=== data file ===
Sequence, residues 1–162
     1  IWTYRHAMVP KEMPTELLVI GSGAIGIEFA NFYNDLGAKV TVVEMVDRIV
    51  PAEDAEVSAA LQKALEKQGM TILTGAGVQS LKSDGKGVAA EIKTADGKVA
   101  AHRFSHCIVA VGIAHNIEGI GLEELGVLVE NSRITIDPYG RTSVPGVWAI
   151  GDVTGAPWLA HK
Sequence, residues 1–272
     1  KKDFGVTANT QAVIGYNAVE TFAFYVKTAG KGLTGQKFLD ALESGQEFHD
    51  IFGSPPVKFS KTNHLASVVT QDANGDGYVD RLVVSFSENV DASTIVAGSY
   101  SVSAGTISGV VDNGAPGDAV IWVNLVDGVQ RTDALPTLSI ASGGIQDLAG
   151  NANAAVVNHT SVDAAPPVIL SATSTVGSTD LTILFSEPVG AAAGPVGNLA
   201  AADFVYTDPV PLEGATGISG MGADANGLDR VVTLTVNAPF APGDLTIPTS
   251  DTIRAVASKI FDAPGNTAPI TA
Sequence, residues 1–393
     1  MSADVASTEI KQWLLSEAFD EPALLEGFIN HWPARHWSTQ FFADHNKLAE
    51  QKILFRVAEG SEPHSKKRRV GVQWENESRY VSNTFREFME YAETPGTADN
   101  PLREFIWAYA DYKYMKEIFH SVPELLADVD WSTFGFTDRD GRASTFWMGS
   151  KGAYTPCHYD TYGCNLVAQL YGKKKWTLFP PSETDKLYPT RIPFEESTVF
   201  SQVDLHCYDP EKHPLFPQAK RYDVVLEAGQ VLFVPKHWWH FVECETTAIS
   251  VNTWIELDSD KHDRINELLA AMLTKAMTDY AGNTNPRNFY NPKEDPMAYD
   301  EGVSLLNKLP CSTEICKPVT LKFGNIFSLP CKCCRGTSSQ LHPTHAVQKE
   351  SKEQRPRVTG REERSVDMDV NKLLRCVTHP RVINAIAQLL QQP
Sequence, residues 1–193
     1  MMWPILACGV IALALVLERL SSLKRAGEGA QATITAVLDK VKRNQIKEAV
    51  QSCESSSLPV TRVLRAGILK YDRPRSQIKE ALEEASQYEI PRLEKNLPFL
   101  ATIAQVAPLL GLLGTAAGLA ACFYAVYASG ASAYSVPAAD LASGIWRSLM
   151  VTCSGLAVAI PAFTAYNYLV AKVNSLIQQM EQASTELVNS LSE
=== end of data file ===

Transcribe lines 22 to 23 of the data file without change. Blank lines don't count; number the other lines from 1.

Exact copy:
Sequence, residues 1–193
     1  MMWPILACGV IALALVLERL SSLKRAGEGA QATITAVLDK VKRNQIKEAV